For many people, January 1st represents a fresh start -- new year, new commitments, new opportunities. For those of us with kids, January frequently comes in August. This year, for my family, our "new year" began on August 20th at 6:00am.
Alarms rang. Parents arose, forcing grogginess aside. Dog walked, lunches made, showers taken, and then the real work began. We woke the kids. Mayhem ensued.
This year, our new beginnings include something significantly different. Now that he's big-boy-3, Sam is starting school. He is being initiated into the early wake-up/get dressed/eat breakfast/hit the road routine. I'm proud to say, although he did have the deer-in-headlights look about him, he did great. Only roughly 5,972 more days like that until high school graduation. We're on our way!
The other kids have new beginnings, too. Emma has made the transition from "little girl second grade" to "big girl third grade". Will took the gigantic leap to middle school...all the way across the street at our school. And Jack has made the somewhat easier transition to King of the School as a reigning 8th grader. He's seen all; he knows all. We're luckily he's benevolent.
But the kids aren't the only ones who get new beginnings. Parents sometimes do, too. Since my last blog post, back at the end of the school year, there has been a "new beginning" bubbling. This is really the first time I've spoken of it. Keep reading and you'll understand why.
Sometime last Spring, the writing bug hit me, as it does often. This blog is a Godsend to me -- as a guy who feels the need to write like other people feel the need to sleep, I get a public outlet for whenever the urge arises. However, the blog has its limitations, and there are times when the writing bug is compounded with the creativity bug and, in those moments, nonfiction, semi-autobiographical prose simply will not do. It's then that I knowingly hit the "new" option in Word, stare at the glaring white page, and start to shape ideas. Sometimes I know where it's headed; most times I don't.
Back in the Spring, I had an idea that needed some room to grow. I wanted to write a vehicle for my kids. As most of you know, my kids love musical theater, as do Blythe and I. The writing bug hit. The creative bug hit. The blank page stared at me. Why not write a musical for the kids?
There was one problem. I can't write music.
Never being one to allow silly little obstacles like 'not being able to write music for a musical' get in my way, I came up with a work around. I would write a story in which the characters would sing some of our favorite songs that were written for other musicals. Basically, I was going to re-purpose music. This idea really made me proud...here I was, writing something my kids would love, using music that we all love, and I was going to create and write and all was good in the world. Genius!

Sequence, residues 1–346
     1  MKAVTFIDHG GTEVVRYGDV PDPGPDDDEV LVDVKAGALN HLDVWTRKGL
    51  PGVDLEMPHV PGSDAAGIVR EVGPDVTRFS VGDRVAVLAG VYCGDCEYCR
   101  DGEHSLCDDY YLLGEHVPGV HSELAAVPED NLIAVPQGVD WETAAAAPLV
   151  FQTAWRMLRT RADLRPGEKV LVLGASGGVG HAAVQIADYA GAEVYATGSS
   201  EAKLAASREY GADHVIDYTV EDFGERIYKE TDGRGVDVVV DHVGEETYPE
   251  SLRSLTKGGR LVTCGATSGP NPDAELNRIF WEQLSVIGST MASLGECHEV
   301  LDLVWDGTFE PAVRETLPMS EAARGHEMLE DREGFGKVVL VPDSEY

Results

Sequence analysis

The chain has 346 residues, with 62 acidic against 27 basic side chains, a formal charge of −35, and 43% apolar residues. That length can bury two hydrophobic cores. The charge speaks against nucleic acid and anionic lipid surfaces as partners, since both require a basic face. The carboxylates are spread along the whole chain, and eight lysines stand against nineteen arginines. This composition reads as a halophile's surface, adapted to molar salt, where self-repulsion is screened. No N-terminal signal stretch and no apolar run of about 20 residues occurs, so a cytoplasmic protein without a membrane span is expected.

Here's the thing. Apparently, someone long ago decided that you can't just take other people's music and use it without asking. There are laws written for this kind of thing. In my mind, it's really ridiculous. I mean, if those authors would want to use my words, I'd gladly lend them. But, it seems, nearly all professional musicians and writers want to actually be paid for their work, whether used as intended or "re-purposed".
There was hope, though. My friend, Seth Travaglino, the gentleman who pointed out the potentially lawsuit-inducing flaw in my plan, suggested an alternative. Seth is a terrific guy, one of the most talented people I know (and a great dad and teacher, too -- He's a triple threat). He graciously read my script and made two suggestions.
Seth is ingrained in the theater arts community in the Tampa area. He offered to bring in someone who could write original music to fit the script. I jumped at the offer.
Seth also suggested something else. Every year, our Junior Thespians troupe at school (I've written about Thespians before, but in a nutshell, think Competitive Theater for kids) performs a One Act at competition. Seth asked if, perhaps, we could edit my script, add music and have the kids perform this original piece for the One Act competition.
Butterflies. No, butterflies doesn't describe the feeling correctly. Adrenaline? Anxiety? Not quite right either. I'm sure there is a more accurate word. I'm just not sure what it is.
Time for some truth about writing and me. I love writing. Since you're reading this, I'm guessing you kind of figured that on your own (but it is still very meta to mention, right?) Sometimes when I write about writing, it generates some very reassuring responses, which are all very kind, but it makes me feel like I'm pandering for response. I'm not. That's not to say the responses aren't incredibly appreciated -- more than you'll ever know, really. But, again, that feels like pandering which is what I'm trying to avoid in the first place.
I mention the butterflies/anxiety/adrenaline/neurosis and my response to response because when Seth suggested we take this to competition, I was flooded with two contradictory feelings: overwhelming excitement and overwhelming fear.
When I'm done writing this blog post and I hit "publish", my heart will race. "Going Public" with thoughts, feelings, memories, emotions creates the same feeling in me as if I'd ingested 15 cans of Red Bull. I'm excited and tingly and nervous and edgy. I imagine this must be what my kids feel like on stage. The vulnerability of it is exhilarating and terrifying at the same time. And I get like that for a simple, mundane blog post. Now, put yourself in my shoes and extrapolate that feeling -- knowing the words you write are going to be performed, publicly on stage by people you know and love, along with extraordinary music (thank you, Blake Conley -- your art is as inspiring as it is masterful) in front of an audience of strangers. A thousand thoughts and feeling crisscross all at the same time. Great big huge, hairy, fang-bearing, blood-sucking butterflies.